The Navajo Tribal Utility Authority has agreed to bring six wastewater treatment facilities into compliance with the federal and Navajo laws in...
As the cost of water rises, an increasing number of California’s local water agencies and districts are discovering that water conservation not only saves resources, but improves water quality as well. According to a survey conducted by EIP Associates, a water resources firm, approximately 58% of the California water agencies and districts surveyed said they use water conservation incentives to address water quality concerns.
Furthermore, 59% of the agencies and districts that have public outreach water conservation programs said these programs link landscape irrigation usage and urban water runoff.
“This tells us that agencies are starting to realize that water quality can be improved by conserving water, particularly water used for landscaping and irrigation,” said John Moynier, senior water resources manager for EIP Associates. “Everyone knows it’s wasteful to over-water a lawn—you can literally see the water going down the drain. But more people are realizing that such urban water runoff can adversely affect water quality as well because it may contain fertilizers, pesticides or other contaminants that can get into the water supply.”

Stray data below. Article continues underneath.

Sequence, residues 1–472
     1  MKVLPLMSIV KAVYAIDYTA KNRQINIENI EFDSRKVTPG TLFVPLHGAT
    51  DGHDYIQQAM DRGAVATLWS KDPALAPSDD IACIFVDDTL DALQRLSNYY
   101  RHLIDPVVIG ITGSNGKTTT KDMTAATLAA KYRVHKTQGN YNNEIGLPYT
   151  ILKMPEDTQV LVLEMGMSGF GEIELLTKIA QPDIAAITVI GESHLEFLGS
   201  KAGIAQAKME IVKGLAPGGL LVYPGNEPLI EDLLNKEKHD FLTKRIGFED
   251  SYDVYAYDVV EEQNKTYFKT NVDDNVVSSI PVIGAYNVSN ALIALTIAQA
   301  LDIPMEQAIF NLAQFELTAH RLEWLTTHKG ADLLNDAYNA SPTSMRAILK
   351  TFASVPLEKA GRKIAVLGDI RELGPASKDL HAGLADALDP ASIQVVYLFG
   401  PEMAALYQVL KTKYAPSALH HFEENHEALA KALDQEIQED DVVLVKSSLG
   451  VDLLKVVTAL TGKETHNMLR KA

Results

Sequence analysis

EIP Associates surveyed more than 70 water resources professionals throughout California on the subject of water conservation. Key findings from the survey include:
“Not everyone sees the relationship between reducing urban water runoff and improving water quality through the reduction of non-point source pollution,” Moynier said. “This creates an opportunity for water providers to combine their efforts to reduce wastage and improve water quality, even to the point of significant cost savings and increased water supplies.”
Although it may not be standard practice yet, survey results indicate that water conservation will be used to reduce non-point source pollution from urban water runoff more often in the future. Approximately 20% of the respondents who said water conservation is not currently part of their programs to reduce non-point source pollution from urban water runoff indicated that it would be in the future.
Water conservation is an important issue in California, and agencies and districts can take it to new levels by using conservation to improve water quality. By addressing the link between water conservation and water quality, agencies protect the integrity of their water resources and free up water to be used elsewhere.